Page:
- Posted Thursday August 13, 2015
Abby Moskowitz investigated gene therapy as a treatment option for Mito and won first place at the Helios Scholars at TGen Symposium for her oral presentation.
This summer, Abby Moskowitz, a senior biochemistry and global health major at Arizona State University, investigated gene therapy as a treatment option for Mitochondrial Disease research through her Helios Scholars at TGen internship, and her work and inspiration will continue long after the summer is over.
"Interning at the Center for Rare Childhood Disorders at TGen has been one of the most rewarding and eye-opening experiences," Abby explained. "I learned the true meaning of personalized medicine and the positive impact it has on a child and their family."
Working under the mentorship of Research Assistant Professor Isabelle Schrauwen, Abby compared two unrelated families that both have a mutation associated with Mitochondrial Disease to determine if antisense oligotherapy would be an effective treatment plan. Antisense oligotherapy targets a specific place in the genome known to cause a disease, effectively turning the gene "off."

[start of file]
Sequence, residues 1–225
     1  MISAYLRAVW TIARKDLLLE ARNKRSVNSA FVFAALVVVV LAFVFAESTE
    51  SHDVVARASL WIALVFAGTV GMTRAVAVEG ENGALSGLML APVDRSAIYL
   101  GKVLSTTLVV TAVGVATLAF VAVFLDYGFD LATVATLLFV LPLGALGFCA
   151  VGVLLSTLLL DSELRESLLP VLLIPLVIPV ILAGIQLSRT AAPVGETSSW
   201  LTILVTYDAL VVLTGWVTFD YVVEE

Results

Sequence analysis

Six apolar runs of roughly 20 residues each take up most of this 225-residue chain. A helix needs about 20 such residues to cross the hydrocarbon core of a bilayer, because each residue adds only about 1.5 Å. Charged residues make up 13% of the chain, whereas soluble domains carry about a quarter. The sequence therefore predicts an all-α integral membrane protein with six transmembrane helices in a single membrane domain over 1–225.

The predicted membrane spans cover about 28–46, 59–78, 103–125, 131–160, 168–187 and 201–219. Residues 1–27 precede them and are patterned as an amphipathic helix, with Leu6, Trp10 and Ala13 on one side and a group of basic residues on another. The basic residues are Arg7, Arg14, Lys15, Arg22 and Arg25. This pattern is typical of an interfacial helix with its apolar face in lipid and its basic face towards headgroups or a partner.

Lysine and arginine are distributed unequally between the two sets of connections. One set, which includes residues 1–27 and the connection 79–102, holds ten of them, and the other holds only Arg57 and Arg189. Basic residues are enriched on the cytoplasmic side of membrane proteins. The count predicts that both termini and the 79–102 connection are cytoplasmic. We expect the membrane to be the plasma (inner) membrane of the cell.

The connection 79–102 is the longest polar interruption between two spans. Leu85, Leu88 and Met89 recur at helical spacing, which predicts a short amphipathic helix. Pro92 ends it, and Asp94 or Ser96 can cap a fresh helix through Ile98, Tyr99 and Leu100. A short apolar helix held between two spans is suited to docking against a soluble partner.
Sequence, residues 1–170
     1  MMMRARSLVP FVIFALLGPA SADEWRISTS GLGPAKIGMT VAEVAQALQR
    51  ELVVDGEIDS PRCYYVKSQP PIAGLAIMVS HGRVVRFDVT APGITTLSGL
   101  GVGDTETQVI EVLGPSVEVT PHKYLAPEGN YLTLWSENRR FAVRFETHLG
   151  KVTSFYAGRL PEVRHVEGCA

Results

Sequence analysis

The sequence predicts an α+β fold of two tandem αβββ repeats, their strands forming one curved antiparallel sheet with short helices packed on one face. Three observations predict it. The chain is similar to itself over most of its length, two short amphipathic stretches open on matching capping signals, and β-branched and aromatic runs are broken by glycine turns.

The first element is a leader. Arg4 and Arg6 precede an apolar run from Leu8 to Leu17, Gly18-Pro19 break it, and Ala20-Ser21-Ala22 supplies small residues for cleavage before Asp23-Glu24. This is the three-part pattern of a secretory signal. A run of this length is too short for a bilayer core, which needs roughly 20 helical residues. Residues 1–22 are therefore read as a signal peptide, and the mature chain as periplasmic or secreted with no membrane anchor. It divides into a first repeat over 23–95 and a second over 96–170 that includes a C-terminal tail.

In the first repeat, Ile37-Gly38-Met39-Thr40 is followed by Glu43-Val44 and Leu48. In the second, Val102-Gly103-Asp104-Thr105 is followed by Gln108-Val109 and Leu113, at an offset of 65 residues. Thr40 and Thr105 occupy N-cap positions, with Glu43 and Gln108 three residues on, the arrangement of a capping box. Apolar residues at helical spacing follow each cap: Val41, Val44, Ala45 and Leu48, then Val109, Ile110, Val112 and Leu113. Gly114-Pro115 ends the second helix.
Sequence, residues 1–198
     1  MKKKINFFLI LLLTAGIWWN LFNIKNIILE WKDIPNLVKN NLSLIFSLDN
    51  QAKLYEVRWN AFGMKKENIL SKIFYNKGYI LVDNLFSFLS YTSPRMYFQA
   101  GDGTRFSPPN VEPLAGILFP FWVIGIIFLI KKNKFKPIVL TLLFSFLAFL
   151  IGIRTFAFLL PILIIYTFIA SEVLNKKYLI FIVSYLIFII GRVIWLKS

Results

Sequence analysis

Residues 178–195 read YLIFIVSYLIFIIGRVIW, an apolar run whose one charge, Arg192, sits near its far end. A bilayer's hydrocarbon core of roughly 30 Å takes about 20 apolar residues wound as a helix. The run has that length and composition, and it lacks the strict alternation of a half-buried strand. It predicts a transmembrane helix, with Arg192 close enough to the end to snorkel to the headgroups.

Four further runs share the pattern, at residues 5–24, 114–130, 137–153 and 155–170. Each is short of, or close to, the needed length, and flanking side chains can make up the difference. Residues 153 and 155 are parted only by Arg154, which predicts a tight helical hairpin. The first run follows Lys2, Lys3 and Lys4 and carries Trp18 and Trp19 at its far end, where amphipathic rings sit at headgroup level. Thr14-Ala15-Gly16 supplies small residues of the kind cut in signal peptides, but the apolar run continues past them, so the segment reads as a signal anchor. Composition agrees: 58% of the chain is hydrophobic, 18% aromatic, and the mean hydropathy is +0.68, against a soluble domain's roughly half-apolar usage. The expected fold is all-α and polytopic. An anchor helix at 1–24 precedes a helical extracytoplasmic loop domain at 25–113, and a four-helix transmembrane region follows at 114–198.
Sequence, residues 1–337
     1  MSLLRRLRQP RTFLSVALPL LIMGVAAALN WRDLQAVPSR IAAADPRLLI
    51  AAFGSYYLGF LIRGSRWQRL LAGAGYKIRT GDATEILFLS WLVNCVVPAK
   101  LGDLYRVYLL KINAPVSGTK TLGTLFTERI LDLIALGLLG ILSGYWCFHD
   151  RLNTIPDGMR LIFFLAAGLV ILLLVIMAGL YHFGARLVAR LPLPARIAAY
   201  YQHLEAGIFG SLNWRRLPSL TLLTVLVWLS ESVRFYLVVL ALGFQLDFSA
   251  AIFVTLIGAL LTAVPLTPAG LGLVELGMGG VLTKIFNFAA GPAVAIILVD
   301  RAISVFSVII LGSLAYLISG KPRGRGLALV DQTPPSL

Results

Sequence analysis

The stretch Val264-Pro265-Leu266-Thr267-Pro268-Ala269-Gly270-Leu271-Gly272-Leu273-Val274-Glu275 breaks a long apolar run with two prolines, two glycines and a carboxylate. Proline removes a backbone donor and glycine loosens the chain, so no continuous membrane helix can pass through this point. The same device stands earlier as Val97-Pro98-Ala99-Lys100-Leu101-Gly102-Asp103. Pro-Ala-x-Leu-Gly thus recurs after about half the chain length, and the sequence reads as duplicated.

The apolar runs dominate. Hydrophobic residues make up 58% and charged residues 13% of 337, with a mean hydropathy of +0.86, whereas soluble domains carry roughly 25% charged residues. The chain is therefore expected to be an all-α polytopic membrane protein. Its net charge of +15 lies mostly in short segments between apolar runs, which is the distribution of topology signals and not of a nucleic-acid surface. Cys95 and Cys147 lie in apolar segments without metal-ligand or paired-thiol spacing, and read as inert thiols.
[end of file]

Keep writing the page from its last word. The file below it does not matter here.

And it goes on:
"Abby's summer project was part of a larger project aimed to improve mitochondrial function in certain patients with Mitochondrial Disease, caused by mutations in the MTFMT gene," Dr. Schrauwen said. "I think our research could open up a path towards treatment, and give hope for the future for many patients."
Abby was one of seven Helios Scholars selected to be a speaker at the Helios Scholars Symposium on July 24, and she was awarded first place for her oral presentation. Abby will be continuing her work on Mitochondrial Disease through the fall as a volunteer intern.
"Abby was always very enthusiastic and motivated in many ways, and I loved working with her," Dr. Schrauwen said.
Selected from a pool of 600 applicants, 45 high school, undergraduate and graduate students participated in the Helios Scholars at TGen internship this summer. In its ninth year, the Helios Scholars program has graduated close to 400 interns who have had hands-on, full-time, patient-focused research experiences at TGen.